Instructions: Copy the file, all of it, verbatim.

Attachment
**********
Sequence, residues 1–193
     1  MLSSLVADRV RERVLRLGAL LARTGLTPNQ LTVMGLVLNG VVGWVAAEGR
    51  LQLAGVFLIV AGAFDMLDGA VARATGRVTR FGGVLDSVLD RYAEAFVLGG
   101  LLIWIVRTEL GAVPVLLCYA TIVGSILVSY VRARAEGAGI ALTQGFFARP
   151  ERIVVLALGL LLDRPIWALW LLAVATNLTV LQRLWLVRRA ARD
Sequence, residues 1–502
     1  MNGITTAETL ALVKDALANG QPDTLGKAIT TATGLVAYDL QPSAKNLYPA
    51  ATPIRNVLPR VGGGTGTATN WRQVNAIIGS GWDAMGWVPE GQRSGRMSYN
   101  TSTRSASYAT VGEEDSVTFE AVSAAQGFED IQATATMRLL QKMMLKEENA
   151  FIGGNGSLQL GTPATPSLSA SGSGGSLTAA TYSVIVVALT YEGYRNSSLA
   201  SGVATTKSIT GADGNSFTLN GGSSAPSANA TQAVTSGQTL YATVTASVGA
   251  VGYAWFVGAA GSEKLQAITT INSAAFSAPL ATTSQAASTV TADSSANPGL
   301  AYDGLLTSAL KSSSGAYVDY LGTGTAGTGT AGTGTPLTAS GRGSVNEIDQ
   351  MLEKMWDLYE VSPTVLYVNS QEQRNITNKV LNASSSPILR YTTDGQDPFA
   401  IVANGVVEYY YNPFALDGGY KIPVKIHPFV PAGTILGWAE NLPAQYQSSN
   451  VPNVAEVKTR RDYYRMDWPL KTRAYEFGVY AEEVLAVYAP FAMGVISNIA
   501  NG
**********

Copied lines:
Sequence, residues 1–193
     1  MLSSLVADRV RERVLRLGAL LARTGLTPNQ LTVMGLVLNG VVGWVAAEGR
    51  LQLAGVFLIV AGAFDMLDGA VARATGRVTR FGGVLDSVLD RYAEAFVLGG
   101  LLIWIVRTEL GAVPVLLCYA TIVGSILVSY VRARAEGAGI ALTQGFFARP
   151  ERIVVLALGL LLDRPIWALW LLAVATNLTV LQRLWLVRRA ARD
Sequence, residues 1–502
     1  MNGITTAETL ALVKDALANG QPDTLGKAIT TATGLVAYDL QPSAKNLYPA
    51  ATPIRNVLPR VGGGTGTATN WRQVNAIIGS GWDAMGWVPE GQRSGRMSYN
   101  TSTRSASYAT VGEEDSVTFE AVSAAQGFED IQATATMRLL QKMMLKEENA
   151  FIGGNGSLQL GTPATPSLSA SGSGGSLTAA TYSVIVVALT YEGYRNSSLA
   201  SGVATTKSIT GADGNSFTLN GGSSAPSANA TQAVTSGQTL YATVTASVGA
   251  VGYAWFVGAA GSEKLQAITT INSAAFSAPL ATTSQAASTV TADSSANPGL
   301  AYDGLLTSAL KSSSGAYVDY LGTGTAGTGT AGTGTPLTAS GRGSVNEIDQ
   351  MLEKMWDLYE VSPTVLYVNS QEQRNITNKV LNASSSPILR YTTDGQDPFA
   401  IVANGVVEYY YNPFALDGGY KIPVKIHPFV PAGTILGWAE NLPAQYQSSN
   451  VPNVAEVKTR RDYYRMDWPL KTRAYEFGVY AEEVLAVYAP FAMGVISNIA
   501  NG